MONDAY, Sept. 12 (HealthDay News) -- Many patients mistakenly believe that medications approved by the U.S. Food and Drug Administration are foolproof and free of harmful side effects, a new study finds.
But when informed of safety concerns about a drug, they tend to make a safer choice.
"There are important gaps in what people know about approved drugs, and a lot of misconceptions," said study co-author Dr. Steven Woloshin, co-director of the Outcomes Group at the VA Medical Center in White River Junction, Vt.
"Until they are given good information, people may be exposing themselves to drugs that may confer less benefit than they think they are getting, or more harm than they think they are being exposed to," added Woloshin, who is also with the Dartmouth Institute for Health Policy and Clinical Practice in Hanover, N.H.
Far from a foolproof seal of safety and benefit, FDA-approved drugs often run into trouble after they show up in pharmacies and medicine cabinets, he and his colleague Dr. Lisa M. Schwartz report in the Sept. 12 issue of Archives of Internal Medicine.
One driver of this dynamic is the 1992 Prescription Drug User Fee Act (PDUFA), which now mandates that the FDA approve new drugs within 10 months of submission or face funding cuts.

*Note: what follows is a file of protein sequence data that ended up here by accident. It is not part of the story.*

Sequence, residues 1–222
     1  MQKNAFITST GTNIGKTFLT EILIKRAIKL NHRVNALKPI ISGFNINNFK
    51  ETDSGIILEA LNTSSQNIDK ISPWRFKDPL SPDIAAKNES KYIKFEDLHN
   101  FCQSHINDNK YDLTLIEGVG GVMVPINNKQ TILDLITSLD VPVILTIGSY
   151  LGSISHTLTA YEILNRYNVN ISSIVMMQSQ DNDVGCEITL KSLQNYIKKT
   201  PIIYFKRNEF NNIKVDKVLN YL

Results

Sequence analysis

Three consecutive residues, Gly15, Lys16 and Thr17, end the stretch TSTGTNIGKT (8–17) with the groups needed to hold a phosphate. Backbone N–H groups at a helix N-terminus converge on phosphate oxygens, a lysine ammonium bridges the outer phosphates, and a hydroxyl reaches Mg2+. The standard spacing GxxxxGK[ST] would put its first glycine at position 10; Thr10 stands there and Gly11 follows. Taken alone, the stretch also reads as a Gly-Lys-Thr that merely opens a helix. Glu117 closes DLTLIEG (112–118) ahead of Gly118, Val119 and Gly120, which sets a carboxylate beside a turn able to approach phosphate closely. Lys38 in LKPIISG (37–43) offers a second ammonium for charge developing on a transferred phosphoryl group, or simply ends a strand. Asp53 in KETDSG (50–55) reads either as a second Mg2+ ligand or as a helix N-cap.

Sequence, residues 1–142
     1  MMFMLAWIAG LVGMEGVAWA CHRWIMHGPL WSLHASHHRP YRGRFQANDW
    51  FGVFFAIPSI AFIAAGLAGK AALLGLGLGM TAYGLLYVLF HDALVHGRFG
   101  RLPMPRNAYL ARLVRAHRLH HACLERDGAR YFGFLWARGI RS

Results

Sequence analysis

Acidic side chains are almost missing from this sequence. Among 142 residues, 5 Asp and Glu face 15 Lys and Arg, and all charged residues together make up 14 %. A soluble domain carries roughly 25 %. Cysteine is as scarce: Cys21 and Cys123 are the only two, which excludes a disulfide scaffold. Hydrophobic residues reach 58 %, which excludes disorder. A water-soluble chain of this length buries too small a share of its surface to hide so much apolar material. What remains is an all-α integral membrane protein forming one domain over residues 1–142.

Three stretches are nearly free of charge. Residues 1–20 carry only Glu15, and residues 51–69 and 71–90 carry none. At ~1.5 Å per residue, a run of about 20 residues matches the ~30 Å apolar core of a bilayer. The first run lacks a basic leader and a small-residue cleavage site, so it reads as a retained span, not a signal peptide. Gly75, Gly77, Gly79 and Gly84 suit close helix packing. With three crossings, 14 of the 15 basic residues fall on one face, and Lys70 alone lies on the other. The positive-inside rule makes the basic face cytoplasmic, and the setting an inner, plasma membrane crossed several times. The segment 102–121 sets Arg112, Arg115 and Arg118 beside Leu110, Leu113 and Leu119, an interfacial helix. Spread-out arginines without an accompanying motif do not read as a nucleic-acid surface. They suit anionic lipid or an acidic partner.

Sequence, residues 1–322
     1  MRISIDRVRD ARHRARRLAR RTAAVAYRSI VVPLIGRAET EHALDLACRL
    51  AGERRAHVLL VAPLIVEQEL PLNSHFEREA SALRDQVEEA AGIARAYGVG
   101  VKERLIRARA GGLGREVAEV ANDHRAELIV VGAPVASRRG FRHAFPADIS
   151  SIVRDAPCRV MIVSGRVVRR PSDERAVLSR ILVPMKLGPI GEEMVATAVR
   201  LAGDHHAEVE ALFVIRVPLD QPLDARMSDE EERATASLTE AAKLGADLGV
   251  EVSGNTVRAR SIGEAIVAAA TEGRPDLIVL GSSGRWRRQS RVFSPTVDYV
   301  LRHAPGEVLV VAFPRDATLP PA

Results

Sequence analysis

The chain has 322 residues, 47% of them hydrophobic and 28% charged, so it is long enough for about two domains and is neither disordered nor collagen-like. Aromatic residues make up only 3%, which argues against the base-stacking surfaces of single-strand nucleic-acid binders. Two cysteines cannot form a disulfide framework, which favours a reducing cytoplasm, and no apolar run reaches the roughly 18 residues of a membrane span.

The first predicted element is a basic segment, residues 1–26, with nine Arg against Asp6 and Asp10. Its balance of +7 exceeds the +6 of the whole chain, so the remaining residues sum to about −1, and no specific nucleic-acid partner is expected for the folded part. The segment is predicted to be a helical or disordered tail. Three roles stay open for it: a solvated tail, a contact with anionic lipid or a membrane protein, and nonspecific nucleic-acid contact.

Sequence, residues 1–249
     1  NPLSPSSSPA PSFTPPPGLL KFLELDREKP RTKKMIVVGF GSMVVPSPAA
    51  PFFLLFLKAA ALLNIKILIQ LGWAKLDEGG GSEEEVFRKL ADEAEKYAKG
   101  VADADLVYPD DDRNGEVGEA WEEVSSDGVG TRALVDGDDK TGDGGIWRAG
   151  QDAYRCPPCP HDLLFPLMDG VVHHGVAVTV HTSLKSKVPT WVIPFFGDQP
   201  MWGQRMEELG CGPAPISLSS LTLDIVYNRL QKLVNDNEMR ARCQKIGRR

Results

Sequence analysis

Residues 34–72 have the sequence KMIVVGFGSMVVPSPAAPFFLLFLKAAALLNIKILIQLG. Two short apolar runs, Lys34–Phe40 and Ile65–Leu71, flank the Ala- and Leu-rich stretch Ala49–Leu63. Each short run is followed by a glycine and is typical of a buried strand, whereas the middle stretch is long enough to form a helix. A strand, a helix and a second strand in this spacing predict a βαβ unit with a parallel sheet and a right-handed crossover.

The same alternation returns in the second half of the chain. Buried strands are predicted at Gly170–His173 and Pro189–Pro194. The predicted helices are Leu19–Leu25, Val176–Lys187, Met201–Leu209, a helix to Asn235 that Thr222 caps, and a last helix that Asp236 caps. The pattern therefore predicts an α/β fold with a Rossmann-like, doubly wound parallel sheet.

Such fast-tracking can compromise safety, as noted in a study published in the New England Journal of Medicine in March 2008. That investigation revealed that drugs funneled through quickly in order to meet PDUFA deadlines were five times more likely to get taken off the market because of safety issues after winning FDA approval. Such meds are also more likely to need dosage alterations and get slapped with a black-label warning post-FDA approval.
Vioxx, for instance, was yanked from the market in 2004 when concerns arose about potential cardiac side effects six months following
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